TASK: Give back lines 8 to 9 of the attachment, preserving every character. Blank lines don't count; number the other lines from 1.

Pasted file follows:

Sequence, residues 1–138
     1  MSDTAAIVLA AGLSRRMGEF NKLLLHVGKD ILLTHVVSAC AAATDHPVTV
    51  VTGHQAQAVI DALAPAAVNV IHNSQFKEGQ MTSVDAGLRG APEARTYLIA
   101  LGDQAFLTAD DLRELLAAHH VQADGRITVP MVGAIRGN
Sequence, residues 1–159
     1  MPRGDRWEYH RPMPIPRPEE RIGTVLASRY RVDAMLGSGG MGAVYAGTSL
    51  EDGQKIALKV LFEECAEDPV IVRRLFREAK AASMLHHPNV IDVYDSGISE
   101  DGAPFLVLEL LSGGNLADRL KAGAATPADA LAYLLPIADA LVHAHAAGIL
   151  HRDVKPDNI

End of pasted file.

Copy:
   101  DGAPFLVLEL LSGGNLADRL KAGAATPADA LAYLLPIADA LVHAHAAGIL
   151  HRDVKPDNI